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October 31, 2018
Habits

Adelaide’s most under-rated Korean food

Beneath Grenfell Centre sits a Korean eatery you'll want to add to your must-try list.

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  • Words and pictures: Johnny von Einem

At the base of the Black Stump there is a red brick oasis.

Though not geographically far from Pirie and Grenfell Street, the sunken courtyard is a world away from the concrete, steel and glass business district (though cleverly disguised by the building above), and removed just enough from the four-lane thoroughfare to its north that the thrumming of buses paused at Stop U1 evaporates before breaking the calm.

Remarks

Plus 82 Pocha

Shop 3, 25 Grenfell Street

Tues-Thurs: 11:30am to 2:30 pm, 5:30pm to 11:30pm
Fri: 11:30am to 2:30 pm, 5:30pm to 2am
Sat: 5:30pm to 2am
Sun: 5:30pm to 11pm

Office workers congregate at almost every time of day, in temporary escape, peering beyond the fringe of elevated palm trees to their designated boxes, stacked in whatever high-rise they descended from, and to which they must shortly return.

There is peace beneath the Black Stump.

But it is not just reprieve on offer; at 11:30am, the glass façade of Plus 82 Pocha swings open and tables and stools are dragged out and quickly occupied by workers on lunch break.

For the last 15 months, Pocha has been serving up its Korean fare – a combination of traditional Korean flavours and co-owning head chef Janghoon Choi’s Le Cordon Bleu training and background working in kitchens as diverse as Spanish, Japanese, and “some really high quality cafés.”

Janghoon Choi.

Janghoon started his career in his native Korea and long aspired to work as a fusion chef, but he and his business partners, Steven Lee and Hyunwoo Kang (who all met while studying at Le Cordon Bleu) saw opportunity in Adelaide’s growing appetite for Asian food and the distinct lack of Korean available at the time.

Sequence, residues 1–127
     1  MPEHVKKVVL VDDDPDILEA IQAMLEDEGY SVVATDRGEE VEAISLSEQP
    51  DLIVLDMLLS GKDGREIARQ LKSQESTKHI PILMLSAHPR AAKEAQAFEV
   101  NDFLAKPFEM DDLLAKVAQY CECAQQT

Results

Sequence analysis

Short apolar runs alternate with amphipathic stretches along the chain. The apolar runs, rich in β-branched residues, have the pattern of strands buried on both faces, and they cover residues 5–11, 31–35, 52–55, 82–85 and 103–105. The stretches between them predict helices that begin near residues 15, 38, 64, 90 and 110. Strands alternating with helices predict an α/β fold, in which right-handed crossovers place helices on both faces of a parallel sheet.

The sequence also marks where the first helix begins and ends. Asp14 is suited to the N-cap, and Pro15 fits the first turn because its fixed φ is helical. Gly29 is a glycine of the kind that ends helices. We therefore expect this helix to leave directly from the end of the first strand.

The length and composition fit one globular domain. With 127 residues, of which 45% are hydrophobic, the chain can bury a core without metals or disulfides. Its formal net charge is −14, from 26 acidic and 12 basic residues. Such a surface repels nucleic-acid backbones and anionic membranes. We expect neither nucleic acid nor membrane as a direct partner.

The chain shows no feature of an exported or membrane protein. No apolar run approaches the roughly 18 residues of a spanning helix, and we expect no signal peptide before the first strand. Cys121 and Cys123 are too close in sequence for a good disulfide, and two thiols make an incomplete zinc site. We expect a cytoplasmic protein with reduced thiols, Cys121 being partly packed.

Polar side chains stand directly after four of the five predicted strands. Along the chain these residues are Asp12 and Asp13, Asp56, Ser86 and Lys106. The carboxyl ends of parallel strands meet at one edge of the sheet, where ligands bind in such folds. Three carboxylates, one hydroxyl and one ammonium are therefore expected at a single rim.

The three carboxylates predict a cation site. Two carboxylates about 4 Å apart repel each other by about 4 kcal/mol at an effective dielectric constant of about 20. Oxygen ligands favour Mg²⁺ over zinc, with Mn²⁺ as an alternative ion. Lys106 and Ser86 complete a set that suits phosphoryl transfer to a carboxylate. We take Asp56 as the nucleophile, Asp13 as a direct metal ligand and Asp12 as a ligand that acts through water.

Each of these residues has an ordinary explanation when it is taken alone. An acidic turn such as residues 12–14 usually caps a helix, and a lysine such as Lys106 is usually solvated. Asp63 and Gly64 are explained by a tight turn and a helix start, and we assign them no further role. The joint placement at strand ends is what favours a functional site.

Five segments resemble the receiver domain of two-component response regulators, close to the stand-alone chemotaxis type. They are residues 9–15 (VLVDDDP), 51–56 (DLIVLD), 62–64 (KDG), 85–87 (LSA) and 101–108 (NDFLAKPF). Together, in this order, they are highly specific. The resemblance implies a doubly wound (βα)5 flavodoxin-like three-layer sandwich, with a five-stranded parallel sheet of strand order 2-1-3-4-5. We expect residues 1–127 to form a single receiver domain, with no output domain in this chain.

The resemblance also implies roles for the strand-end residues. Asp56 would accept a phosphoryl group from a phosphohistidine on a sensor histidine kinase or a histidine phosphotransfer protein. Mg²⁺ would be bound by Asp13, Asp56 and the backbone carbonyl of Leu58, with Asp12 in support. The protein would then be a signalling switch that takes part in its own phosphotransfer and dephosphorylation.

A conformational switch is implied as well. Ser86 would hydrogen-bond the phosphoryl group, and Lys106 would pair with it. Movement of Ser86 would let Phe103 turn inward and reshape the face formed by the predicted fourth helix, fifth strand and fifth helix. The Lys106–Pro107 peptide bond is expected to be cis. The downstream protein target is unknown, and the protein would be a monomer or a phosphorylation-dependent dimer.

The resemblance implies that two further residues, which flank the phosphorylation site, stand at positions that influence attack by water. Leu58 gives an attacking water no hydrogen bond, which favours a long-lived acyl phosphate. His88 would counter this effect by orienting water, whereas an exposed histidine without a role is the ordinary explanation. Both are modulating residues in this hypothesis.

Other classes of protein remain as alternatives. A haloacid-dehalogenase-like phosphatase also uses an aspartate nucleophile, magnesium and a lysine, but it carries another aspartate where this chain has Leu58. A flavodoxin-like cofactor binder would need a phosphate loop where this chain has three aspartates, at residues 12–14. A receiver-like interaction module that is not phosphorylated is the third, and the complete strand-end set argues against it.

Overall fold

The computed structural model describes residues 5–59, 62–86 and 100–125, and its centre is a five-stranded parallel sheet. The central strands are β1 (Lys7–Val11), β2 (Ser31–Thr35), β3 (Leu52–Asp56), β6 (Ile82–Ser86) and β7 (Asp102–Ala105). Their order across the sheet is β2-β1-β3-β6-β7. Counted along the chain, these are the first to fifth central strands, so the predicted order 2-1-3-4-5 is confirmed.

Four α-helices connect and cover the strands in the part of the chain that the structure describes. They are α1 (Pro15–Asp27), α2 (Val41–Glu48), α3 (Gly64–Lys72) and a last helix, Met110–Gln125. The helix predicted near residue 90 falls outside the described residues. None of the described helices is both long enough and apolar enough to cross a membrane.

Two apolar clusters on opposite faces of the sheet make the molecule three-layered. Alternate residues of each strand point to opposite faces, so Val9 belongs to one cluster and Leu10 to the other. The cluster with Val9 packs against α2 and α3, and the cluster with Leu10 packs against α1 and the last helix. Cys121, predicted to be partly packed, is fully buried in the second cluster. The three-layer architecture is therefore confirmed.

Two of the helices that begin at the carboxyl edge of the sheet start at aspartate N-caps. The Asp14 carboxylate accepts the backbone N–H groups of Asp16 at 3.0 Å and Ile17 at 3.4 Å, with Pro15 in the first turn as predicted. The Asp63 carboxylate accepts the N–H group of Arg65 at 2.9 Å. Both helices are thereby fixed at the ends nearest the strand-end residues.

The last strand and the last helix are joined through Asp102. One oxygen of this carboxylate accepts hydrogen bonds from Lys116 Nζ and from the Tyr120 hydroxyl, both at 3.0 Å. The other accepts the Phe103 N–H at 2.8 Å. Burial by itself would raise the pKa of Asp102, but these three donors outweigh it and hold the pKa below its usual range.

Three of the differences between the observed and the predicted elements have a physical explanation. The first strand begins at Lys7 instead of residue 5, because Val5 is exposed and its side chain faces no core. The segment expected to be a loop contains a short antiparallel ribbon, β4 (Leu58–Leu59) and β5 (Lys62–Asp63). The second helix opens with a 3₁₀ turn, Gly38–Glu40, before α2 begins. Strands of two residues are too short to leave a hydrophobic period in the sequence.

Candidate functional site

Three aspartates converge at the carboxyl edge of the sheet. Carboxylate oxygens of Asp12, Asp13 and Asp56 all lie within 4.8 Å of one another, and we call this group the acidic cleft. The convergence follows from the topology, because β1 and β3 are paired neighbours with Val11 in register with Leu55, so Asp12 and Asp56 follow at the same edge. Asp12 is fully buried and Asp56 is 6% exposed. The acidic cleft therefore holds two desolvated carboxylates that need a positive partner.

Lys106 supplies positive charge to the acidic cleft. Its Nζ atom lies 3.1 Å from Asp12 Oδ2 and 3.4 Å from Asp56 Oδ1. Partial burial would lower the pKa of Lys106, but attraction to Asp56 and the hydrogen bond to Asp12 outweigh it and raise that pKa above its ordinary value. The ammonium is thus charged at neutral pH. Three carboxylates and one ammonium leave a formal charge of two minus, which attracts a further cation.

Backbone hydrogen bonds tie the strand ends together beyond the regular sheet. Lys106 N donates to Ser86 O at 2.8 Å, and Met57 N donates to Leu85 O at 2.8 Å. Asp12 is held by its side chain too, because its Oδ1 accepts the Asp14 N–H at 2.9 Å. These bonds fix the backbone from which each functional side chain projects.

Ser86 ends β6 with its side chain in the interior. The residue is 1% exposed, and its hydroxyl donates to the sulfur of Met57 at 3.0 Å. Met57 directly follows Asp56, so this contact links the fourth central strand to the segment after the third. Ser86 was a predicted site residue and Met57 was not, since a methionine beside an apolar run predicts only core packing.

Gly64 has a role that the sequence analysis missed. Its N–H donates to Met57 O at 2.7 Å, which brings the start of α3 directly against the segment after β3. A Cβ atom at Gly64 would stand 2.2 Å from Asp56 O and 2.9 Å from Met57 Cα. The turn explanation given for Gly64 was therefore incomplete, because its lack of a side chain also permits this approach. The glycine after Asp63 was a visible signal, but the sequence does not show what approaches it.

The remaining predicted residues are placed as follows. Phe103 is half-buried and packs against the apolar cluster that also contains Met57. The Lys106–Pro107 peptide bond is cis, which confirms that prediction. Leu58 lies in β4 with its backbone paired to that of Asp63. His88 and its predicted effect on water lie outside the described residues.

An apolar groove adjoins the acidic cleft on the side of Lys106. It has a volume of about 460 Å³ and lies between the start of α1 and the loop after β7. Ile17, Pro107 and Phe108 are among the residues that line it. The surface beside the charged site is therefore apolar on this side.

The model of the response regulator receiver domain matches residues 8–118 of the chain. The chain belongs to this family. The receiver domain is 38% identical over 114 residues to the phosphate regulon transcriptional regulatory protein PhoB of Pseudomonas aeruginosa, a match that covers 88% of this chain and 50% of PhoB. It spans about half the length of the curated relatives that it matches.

“Honestly, because there were not many Korean restaurants we felt like we had a chance,” Janghoon says.

“I like to look at the culture, how it’s changed: ok, Chinese culture’s popular, Japan’s culture popular, Thai, and I was thinking – why? The people start to like low calorie, more flavour, so I thought ‘Ok, next time it has to be Korean. I got this! It’s time.’”

Plus 82 Pocha caught the zeitgeist at the right time, leading a minor surge of Korean eateries in the city, and before long extended its reach to nearby Gawler Place, where they opened a small takeaway store six months ago. And by mid-November the Plus 82 family will expand further to include Mimi, a Modern Asian eatery on Sturt Street (formerly East of Norman) and Gogi, a Korean BBQ restaurant moving into Eliza Street (formerly Mama Jambo).

Steven Lee.

Pocha’s menu plays to Janghoon’s strengths – it is, of course, heavily influenced by the three owners’ country of origin, but at the same time they were conscious not to create something “too traditional”.

“A lot of restaurants in Adelaide are more traditional, that sort of look and vibe. We wanted to build something fun and unique as well,” Steven says.

“[And] because it’s new cuisine in Adelaide… we brought in bulgogi arancini to introduce to Adelaide people, especially the locals.”

Janghoon cooks the slow-cooked beef rib sous vide for the galbi jjim and bakes his braised ham hock in an oven for crispier skin – neither of which are traditionally Korean techniques.

“In Korea we don’t do that, but I love that I’m making that combination and then try to make next level food,” he says.

While it was important to the owners that their venture be seen as approachable – denoted by the restaurants name, which is a Korean term for street food – Janghoon also sees Plus 82 Pocha as an opportunity to educate Adelaide diners about Korean culture.

Not all red caps are bad red caps.

 

He recalls experiences in kitchens not long past where he was greeted by well-meaning colleagues with “‘Oh, you’re Korean, so you eat sushi?’”

“I picked up that people don’t know, they don’t understand, but they’re curious about it, so it’s a good chance to educate the market,” Janghoon says.

“Lucky that K-pop is getting popular (laughs), so it helps actually. People start to like Korean culture so they start to know about it.”

It’s this curiosity that saw Pocha boom from the moment its doors opened over a year ago, and its popularity amongst city residents and workers in the area has sustained ever since.

Korean fried chicken. This image supplied.

The restaurant closes briefly from 2:30pm and reopens at 5:30pm for dinner trade, and as the daytime bustle melts away, the paradise beneath the Black Stump echoes out onto emptied Grenfell Street – diners laughing over beer and fried chicken or their kimchi hotpot late into the evening.

“Honestly, I want people to know about Korea, because Korea is quite a small country in Asia and it has many stories inside. And when I talk to other people ‘What do you know about Korea?’ Psy, Kim Jong Un, kimchi, only those things,” Janghoon laughs.

“Maybe that’s what they can easily experience through the TV. Come and experience Korean, taste Korean, and then maybe you start to get interested.”

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